The animal challenge to sociology

European Journal of Social Theory 21 (1):79-97 (2018)
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Abstract

In this article, we ask why is it that sociology has been slow to take up the animal challenge, and ask what would happen if it did. We argue that sociology’s fraught relationship with biology, its assumptions about human exceptionalism and its emergence in the context of industrialization and urbanization are key to understanding its lack of attention to animals and contribute to a limited conceptualization of society. This can be remedied by viewing non-human animals as involuntarily embedded in social relationships, a move which involves a redefinition of the social and of what it means to be human; a revision of notions of agency, subjectivity and reflexivity; and a rejection of the speciesism and anthropocentrism on which sociology is based. Finally, the article contends that a full understanding of society is not possible if we continue to direct the sociology gaze only at humans.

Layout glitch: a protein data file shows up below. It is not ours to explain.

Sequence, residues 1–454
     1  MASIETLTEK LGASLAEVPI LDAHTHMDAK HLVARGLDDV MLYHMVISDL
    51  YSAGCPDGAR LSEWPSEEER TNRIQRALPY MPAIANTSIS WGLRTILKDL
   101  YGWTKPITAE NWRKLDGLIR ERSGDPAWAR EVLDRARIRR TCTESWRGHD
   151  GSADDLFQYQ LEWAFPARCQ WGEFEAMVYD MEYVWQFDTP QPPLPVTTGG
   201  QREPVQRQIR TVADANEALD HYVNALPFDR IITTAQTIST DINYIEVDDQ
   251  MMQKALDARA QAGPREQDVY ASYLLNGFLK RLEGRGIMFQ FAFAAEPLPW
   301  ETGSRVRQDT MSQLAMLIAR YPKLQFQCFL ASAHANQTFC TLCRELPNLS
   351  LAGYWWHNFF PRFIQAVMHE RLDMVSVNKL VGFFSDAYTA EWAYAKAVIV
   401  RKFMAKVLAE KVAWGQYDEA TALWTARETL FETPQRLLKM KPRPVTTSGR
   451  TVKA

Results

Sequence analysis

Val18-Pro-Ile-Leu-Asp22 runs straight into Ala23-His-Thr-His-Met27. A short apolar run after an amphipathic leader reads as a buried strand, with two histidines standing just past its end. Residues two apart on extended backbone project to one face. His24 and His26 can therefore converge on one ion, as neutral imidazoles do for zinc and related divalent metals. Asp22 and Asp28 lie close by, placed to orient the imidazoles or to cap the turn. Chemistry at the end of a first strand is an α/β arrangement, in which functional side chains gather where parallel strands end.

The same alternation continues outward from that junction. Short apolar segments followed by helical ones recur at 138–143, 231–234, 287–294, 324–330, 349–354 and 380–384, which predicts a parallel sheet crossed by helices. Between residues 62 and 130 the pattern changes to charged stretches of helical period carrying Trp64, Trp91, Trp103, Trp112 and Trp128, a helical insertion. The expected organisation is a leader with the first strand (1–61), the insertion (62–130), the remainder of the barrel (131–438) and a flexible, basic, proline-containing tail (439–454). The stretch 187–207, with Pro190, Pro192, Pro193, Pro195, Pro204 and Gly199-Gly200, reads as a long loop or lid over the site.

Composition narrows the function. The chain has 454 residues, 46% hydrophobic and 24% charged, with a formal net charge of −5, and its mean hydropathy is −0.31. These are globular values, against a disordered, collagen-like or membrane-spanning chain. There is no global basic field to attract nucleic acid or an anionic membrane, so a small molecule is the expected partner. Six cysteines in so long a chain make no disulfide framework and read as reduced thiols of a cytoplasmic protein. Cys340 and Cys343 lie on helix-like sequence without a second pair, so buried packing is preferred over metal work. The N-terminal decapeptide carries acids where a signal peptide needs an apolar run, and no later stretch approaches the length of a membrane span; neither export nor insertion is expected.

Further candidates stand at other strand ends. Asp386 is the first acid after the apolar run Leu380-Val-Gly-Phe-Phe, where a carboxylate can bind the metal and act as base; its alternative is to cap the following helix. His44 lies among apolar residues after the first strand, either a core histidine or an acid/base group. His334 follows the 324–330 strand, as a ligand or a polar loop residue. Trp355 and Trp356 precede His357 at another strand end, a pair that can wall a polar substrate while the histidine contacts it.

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References found in this work

We Have Never Been Modern.Bruno Latour - 1993 - Harvard University Press.
The posthuman.Rosi Braidotti - 2013 - Malden, MA, USA: Polity Press.
Risk Society: Towards a New Modernity.Ulrich Beck, Mark Ritter & Jennifer Brown - 1993 - Environmental Values 2 (4):367-368.

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